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The Euro: Reflections on the first three years

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  • Philip Arestis
  • Andrew Brown
  • Kostas Mouratidis
  • Malcolm Sawyer

Abstract

In the first three years of its (virtual) existence, the euro has seen a general decline in its value (notably against the dollar). In this paper we look at this issue and reflect on the implications of the decline for the future of the euro.The paper begins by briefly reviewing some of the explanations that have been put forward for the weakness of the euro, which might be seen as temporary factors or factors that do not arise from the creation of the eurozone per se. These explanations include the decline in the value of the euro as being a reaction to previous rises, interest rate differentials as favouring the dollar and the decline in the euro as being the obverse of a rise in the value of the dollar reflecting the strength of the US economy. These explanations are found to be unconvincing, and the view is advanced that there are serious weaknesses within the eurozone itself and in the construction of the eurosystem, along with its operation, that could be undermining the value of the euro. The divergent euro area may be one of the more significant factors contributing to the euro decline.

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Bibliographic Info

Article provided by Taylor & Francis Journals in its journal International Review of Applied Economics.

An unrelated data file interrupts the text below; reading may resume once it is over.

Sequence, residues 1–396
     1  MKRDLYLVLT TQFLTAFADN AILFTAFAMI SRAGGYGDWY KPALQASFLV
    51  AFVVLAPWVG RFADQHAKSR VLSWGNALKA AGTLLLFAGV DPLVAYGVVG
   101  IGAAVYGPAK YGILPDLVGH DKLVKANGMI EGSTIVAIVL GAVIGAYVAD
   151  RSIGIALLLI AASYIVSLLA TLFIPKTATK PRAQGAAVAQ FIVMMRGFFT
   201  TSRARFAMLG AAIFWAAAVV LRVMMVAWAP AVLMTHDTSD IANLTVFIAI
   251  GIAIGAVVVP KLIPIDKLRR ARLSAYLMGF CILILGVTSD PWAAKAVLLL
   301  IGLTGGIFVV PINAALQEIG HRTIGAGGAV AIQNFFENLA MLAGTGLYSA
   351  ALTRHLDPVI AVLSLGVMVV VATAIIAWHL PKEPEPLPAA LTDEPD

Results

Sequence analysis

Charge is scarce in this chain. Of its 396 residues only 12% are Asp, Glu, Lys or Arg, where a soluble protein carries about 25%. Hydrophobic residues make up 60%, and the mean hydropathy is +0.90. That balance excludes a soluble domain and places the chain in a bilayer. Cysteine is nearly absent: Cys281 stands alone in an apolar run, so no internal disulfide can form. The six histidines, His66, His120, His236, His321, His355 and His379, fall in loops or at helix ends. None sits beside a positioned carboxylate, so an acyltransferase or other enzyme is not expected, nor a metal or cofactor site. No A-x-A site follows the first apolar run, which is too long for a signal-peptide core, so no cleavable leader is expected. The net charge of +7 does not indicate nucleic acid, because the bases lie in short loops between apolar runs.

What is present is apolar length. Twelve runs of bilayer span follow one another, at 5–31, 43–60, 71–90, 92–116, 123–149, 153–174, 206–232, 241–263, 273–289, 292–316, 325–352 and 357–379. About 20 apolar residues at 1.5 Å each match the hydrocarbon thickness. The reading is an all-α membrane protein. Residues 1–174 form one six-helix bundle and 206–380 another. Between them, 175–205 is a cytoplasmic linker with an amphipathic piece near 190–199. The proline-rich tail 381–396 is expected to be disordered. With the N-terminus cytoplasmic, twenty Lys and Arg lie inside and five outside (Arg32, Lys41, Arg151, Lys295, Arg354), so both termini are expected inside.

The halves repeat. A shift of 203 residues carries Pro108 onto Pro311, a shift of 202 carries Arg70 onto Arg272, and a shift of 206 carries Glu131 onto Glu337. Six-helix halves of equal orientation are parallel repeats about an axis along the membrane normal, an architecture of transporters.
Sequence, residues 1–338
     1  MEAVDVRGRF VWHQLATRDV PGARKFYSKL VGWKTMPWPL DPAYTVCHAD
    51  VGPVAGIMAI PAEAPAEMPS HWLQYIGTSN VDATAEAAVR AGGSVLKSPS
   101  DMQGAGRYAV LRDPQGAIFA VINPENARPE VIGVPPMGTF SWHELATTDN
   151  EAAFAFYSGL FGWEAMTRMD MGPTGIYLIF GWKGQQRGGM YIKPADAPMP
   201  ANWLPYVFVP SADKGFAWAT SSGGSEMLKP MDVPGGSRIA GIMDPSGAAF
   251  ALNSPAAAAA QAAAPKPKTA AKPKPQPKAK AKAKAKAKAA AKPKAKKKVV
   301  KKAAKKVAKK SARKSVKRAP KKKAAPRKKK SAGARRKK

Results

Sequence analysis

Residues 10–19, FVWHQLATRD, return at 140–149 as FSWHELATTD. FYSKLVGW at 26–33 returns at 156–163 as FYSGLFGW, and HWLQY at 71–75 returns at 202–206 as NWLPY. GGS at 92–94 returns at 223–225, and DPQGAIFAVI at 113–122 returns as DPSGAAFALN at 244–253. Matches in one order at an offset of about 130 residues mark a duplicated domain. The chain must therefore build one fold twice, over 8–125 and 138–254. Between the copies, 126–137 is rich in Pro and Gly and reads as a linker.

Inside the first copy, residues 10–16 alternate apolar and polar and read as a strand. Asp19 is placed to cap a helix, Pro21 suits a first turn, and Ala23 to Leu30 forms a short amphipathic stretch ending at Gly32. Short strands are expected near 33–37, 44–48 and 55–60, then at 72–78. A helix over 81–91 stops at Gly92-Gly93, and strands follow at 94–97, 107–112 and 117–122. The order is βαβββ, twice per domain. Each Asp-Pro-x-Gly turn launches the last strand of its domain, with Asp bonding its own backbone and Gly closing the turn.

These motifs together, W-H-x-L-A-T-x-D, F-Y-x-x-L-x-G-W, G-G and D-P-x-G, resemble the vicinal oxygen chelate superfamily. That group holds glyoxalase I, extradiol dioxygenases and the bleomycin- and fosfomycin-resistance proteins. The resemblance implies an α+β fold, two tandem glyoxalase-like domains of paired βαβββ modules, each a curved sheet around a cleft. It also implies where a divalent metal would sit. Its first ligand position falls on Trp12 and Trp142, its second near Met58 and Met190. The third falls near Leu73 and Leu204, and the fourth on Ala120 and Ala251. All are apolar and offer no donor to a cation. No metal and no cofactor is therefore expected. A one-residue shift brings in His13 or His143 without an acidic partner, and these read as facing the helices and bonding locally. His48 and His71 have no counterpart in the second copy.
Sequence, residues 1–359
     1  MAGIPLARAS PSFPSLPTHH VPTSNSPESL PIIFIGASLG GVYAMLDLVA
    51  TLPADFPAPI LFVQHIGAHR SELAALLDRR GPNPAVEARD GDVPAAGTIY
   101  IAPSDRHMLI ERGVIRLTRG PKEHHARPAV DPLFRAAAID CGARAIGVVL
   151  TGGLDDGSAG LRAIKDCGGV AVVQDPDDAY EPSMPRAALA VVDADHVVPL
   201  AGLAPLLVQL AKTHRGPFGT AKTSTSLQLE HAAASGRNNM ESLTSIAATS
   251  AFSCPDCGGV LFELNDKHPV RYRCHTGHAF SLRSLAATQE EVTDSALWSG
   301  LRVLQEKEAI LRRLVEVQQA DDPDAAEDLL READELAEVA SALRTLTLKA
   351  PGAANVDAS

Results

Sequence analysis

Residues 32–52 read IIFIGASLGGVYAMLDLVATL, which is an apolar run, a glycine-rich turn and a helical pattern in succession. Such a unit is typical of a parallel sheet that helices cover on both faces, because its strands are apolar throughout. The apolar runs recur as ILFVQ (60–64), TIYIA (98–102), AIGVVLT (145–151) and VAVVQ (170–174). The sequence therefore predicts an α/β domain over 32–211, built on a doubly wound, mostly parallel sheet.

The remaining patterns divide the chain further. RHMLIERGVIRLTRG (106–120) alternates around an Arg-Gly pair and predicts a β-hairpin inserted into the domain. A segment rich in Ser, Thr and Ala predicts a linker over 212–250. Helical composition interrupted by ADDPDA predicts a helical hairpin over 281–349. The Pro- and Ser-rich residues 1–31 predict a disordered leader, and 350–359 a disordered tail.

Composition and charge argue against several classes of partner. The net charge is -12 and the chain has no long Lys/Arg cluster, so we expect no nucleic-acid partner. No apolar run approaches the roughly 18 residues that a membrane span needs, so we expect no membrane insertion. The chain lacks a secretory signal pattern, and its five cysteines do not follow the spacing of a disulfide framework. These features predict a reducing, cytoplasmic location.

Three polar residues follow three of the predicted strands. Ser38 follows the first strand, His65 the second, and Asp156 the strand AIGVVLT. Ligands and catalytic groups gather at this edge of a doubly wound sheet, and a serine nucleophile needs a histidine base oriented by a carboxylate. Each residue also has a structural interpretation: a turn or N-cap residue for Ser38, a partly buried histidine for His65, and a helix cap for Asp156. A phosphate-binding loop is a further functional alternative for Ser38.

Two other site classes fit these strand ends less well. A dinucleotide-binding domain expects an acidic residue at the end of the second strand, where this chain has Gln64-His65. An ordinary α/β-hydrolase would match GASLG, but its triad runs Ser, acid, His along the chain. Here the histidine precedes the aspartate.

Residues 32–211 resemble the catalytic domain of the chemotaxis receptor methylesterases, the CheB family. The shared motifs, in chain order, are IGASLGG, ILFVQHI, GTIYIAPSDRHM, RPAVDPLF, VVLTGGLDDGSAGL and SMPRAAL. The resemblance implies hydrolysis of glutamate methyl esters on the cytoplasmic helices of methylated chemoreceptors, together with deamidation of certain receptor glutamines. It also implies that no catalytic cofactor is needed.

Volume (Year): 16 (2002)
Issue (Month): 1 ()
Pages: 1-17

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Handle: RePEc:taf:irapec:v:16:y:2002:i:1:p:1-17

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References

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  1. Feldstein, Martin, 2000. "The European Central Bank and the Euro: The First Year," Scholarly Articles 3043424, Harvard University Department of Economics.
  2. repec:wop:humbsf:2000-43 is not listed on IDEAS
  3. Feldstein, Martin, 2000. "The European Central Bank and the Euro: The First Year," Journal of Policy Modeling, Elsevier, vol. 22(3), pages 345-354, May.
  4. Philip Arestis & Kostas Mouratidis, 2004. "Is There a Trade-Off Between Inflation Variability and Output-Gap Variability in the EMU Countries?," Scottish Journal of Political Economy, Scottish Economic Society, vol. 51(5), pages 691-706, November.
  5. Chinn, Menzie David, 2000. "The empirical determinants of the Euro: Short and long run perspectives," SFB 373 Discussion Papers 2000,43, Humboldt University of Berlin, Interdisciplinary Research Project 373: Quantification and Simulation of Economic Processes.
  6. Jonathan Coppel & Martine Durand & Ignazio Visco, 2000. "EMU, The Euro and The European Policy Mix," OECD Economics Department Working Papers 232, OECD Publishing.
  7. Chinn, Menzie D & Alquist, Ron, 2000. "Tracking the Euro's Progress," International Finance, Wiley Blackwell, vol. 3(3), pages 357-73, November.
  8. Cohen, Daniel & Loisel, Olivier, 2000. "Why was the Euro Weak? Markets and Policies," CEPR Discussion Papers 2633, C.E.P.R. Discussion Papers.
  9. Philip Arestis & Iris Biefang- Frisancho Mariscal & Andrew Brown & Malcolm Sawyer, 2001. "The Causes of Euro Instability," Macroeconomics 0103005, EconWPA.